Join GitHub today
Fetching latest commit…
Cannot retrieve the latest commit at this time.
|Failed to load latest commit information.|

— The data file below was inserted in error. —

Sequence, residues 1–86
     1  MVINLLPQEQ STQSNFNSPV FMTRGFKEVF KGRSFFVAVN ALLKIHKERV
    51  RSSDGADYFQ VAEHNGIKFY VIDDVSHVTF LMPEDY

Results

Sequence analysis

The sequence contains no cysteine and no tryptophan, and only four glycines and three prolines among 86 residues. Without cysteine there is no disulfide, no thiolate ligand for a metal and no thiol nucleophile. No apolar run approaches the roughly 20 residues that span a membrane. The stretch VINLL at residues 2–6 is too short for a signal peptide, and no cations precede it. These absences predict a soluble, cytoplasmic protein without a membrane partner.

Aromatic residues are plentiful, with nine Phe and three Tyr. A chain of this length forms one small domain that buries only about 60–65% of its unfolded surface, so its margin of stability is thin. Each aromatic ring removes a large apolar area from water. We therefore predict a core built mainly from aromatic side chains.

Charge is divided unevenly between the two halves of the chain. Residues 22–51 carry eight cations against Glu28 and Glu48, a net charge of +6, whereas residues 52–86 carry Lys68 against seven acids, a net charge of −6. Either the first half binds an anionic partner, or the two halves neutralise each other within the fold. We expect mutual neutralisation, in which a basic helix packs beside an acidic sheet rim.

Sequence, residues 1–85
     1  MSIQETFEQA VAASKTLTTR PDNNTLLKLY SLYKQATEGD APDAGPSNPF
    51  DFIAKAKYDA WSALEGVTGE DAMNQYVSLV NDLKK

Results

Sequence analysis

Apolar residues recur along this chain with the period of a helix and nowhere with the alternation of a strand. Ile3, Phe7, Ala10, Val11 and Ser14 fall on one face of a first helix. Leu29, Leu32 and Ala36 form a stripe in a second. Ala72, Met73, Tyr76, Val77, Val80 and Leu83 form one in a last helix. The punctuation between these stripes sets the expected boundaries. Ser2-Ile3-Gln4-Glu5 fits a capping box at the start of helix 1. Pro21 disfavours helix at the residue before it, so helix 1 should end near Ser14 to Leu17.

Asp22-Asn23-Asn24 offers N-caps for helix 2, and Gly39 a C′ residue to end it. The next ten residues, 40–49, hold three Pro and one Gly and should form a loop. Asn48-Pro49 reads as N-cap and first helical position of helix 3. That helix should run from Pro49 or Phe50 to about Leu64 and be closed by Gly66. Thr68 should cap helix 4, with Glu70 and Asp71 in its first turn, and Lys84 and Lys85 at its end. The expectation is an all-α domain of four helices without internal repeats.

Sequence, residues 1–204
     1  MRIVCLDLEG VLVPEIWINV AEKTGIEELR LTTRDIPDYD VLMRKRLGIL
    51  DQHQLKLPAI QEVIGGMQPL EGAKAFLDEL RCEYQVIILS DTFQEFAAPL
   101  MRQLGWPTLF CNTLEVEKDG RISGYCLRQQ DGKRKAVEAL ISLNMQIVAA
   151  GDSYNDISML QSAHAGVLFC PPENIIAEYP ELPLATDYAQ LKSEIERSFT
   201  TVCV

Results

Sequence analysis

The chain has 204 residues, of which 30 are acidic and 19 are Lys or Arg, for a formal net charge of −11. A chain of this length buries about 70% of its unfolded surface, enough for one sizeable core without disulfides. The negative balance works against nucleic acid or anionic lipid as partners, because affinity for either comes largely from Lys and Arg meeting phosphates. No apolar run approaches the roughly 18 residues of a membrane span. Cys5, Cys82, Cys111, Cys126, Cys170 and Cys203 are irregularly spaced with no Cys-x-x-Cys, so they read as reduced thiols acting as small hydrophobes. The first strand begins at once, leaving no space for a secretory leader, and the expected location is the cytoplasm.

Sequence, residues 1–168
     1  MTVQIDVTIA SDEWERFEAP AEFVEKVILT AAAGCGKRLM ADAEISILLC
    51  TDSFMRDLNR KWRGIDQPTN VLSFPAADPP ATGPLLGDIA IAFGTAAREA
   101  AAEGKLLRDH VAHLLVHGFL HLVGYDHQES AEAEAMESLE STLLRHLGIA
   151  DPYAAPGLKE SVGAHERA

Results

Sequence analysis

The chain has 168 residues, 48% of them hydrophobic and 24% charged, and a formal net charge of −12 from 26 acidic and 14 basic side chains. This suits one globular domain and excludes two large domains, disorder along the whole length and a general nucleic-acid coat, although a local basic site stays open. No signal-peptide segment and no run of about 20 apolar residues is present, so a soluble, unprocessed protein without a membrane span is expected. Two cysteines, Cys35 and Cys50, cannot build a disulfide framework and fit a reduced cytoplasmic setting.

ColorMatch ========== ColorMatch allows you to create an ICC standard color profile based on the color transform your camera firmware uses to create JPG files. This profile can then be applied to your RAW files using RAW editing software. Keep in mind that ColorMatch should be considered as highly experimental and requires meticulous application of the procedures below in order to be successful. WARNING: Keep in mind that ColorMatch comes with no warranty whatsoever, use at your own peril. Target ====== To be able to use ColorMatch you need the following target: * Wolf Faust C1 DIN A4 IT8 Camera Target (http://www.targets.coloraid.de/) Software ======== To be able to use ColorMatch you need the following software: * bash (4.3) * argyll (1.6.3) * shared-color-targets (0.1.0) * exiv2 (0.23) Camera Configuration ==================== Properly configuring your camera is absolutely critical for ColorMatch to succeed, please consult your camera manual for instructions on how the achieve the settings below: * Disable Nikon Active D-Light * Disable Canon Auto Lighting Optimizer * Disable Canon Highlight Tone Priority * Disable Sony Dynamic Range Optimizer * Disable Olympus Shadow Adjustment Technology * Disable Panasonic Intelligent D-Range * Disable Samsung Smart Range * Disable Pentax D-Range * Disable Pentax Multi Auto White Balance * Disable Lens correction, if possible * Set camera to Adobe RGB colorspace * Set camera to 1/3EV exposure increments * Set camera to base ISO (usually 100 or 200) * Set camera to RAW+JPG (Full Resolution, Super Fine) * Lower camera applied sharpening Shooting The Target =================== Shoot the IT8 target preferably in direct sunlight as close to midday as possible. Have the target fill out most of the frame. matrix metered camera exposure should be mostly right (probably +1/3EV), however it's recommended to do extensive bracketing to make sure you have a wide range of exposures to select the right one from later on. You may need to shoot the target at a slight angle to prevent glare. It's probably best not to use exotic glass to shoot the target, a 50 mm prime is likely ideal, if unavailable, any kit-lens should suffice. To prevent vignetting from affecting the procedure, it's recommended to close down the aperture a few stops from its maximum value. So you'll likely end up shooting at f/8 or f/11. Selecting The Right Exposure ============================ Open a candidate JPG in GIMP and verify there is no dust or glare in the image. Then open the color picker, set sample average, use info window and get HSV values. When you sample the white GS0 patch, you should see a value of about 97%, and 3% for the black GS23 patch. Then proceed to measure the four grey outer corners of the chart, the value difference between the darkest and brightest corners should be well below 5%. If all of the above requirements have been satisfied, crop the chart, so only the chart remains visible, including cropping off the text. Save the resulting image as a 8-bit TIFF (without compression). Processing The RAW ================== Open the respective RAW in your favorite RAW processing software, and disable all possible processing. Set linear gamma (1.0) and set input and output profile to the same profile, and rendering intent to absolute colorimetric if possible, effectively creating a color management pass-through. Then apply cropping, and lens distortion correction if needed, be careful not to apply lens vignetting correction. Then save to a 16-bit TIFF (again without compression). Particularly for Darktable, make sure camera white balance is unchanged, disable basecurve, disable sharpen, set a linear rec2020 for input and output color profile. Make sure not to override the output color profile while exporting. Particularly for UFRaw, make sure camera white balance is unchanged, restore details for negative EV: clip, clip highlights for positive EV: digital linear, load Argyll's ClayRGB1998.icm both as camera and output profile, with an absolute colorimetric rendering intent. Set output bit depth to 16-bit. Set gamma 1,00 and linearity 0,000. Also make sure Embed exif data in output is enabled. Particularly for DCRaw, you can use the following command: # dcraw -v -w -M -H 0 -o 0 -6 -W -g 1 1 -f -m 1 -T ../_MG_1234.CR2 Running ColorMatch ================== The ColorMatch script takes three arguments, first the camera processed image, second the linear RAW processed by your RAW converter, and optionally a style name to be included into the profile description. # colormatch CAMERA.TIF _MG_1234.TIF Standard At the end of the script, you should see a plot, which should be a fairly smooth curve, with in most cases a notch at the lower right side. Note that colormatch expects all ArgyllCMS utilities to be available in your system path, if not, you will have to adapt the script to whatever your situation is. Using The Profile ================= Particularly for Darktable, copy the resulting ICC color profile into Darktable's input color profile directory, like so: # mkdir -p ~/.config/darktable/color/in # cp my.icc ~/.config/darktable/color/in Then select the profile in the input color profile module, in Darkroom mode. Make sure basecurve is disabled. Particularly for UFRaw, copy the resulting ICC color profile to a location that's convenient for you. Then load the ICC file from UFRaw GUI as the camera profile, make sure gamma is set to 1,00 and linearity is set to 0,000. Particularly for DCRaw, you can use the following command: # dcraw -v -w -H 0 -o 1 -p my.icc -W -g 1 1 -f -m 1 -T _MG_1234.CR2 Testing The Profile =================== There is no definitive way to test a generated profile, it may work marvellously on one image and fail horribly on another. Most typical problems will likely occur in the highlights and shadows. So testing a profile with overexposed and underexposed images is a good way to start. Other good test cases are portraits, images with clouds, high-key, low-key, etc. Thanks ====== A lot of people on the ArgyllCMS mailing have been very helpful, but one person in particular helped me in tricking ArgyllCMS into producing these camera emulation profiles: Klaus Karcher. Without his help, ColorMatch may never have existed. Donate ====== ColorMatch critically hinges on tools provided free of charge by ArgyllCMS, so if ColorMatch has been useful for you, please seriously consider donating to ArgyllCMS' author: http://www.argyllcms.com/ Frequently Asked Questions ========================== Q: My camera does not support RAW+JPG A: RAW files have a lower-quality embedded thumbnail, which you extract using Exiv2: # exiv2 -ep3 IMG_1234.CR2 This embedded thumbnail might however be in sRGB colorspace (regardless of camera configuration). Q: My camera does not support AdobeRGB A: sRGB could work too, but you'll have to modify the script accordingly. Q: My camera does not support 1/3EV increments A: You really need this precision to easily get the right shot, presumably you could do without, but be prepared to do a huge amount of trial and error. It won't be fun. Q: Can ColorMatch work with other targets A: In theory, yes, practically no. I've done testing with several charts, where Wolf Faust's IT8 charts are both most suitable and most affordable. I have no interest whatsoever in adapting ColorMatch for other types of charts. Q: Why no TIFF compression A: Depending on your version of ArgyllCMS it may or may not have been linked against a version of libtiff with deflate support. Disabling compression means you can be sure your TIFFs will be compatible. Q: Can profiles be used interchangeably between RAW converters A: Since RAW files aren't self-descriptive, decoding a RAW, requires RAW converters to apply arbitrary parameters to be able to make sense of the data. This may vary between different RAW converters; it may match for some camera models, and it might differ for others. Q: Will there be a repository of generated profiles A: I currently have no desire nor time to curate a repository of camera profiles. These resulting profiles should be considered a personal-use item. Q: My distro does not have shared-color-targets A: You merely need to download R080505.it8 manually, and modify the script accordingly. In this particular use-case it typically won't have to match the text on your actual target.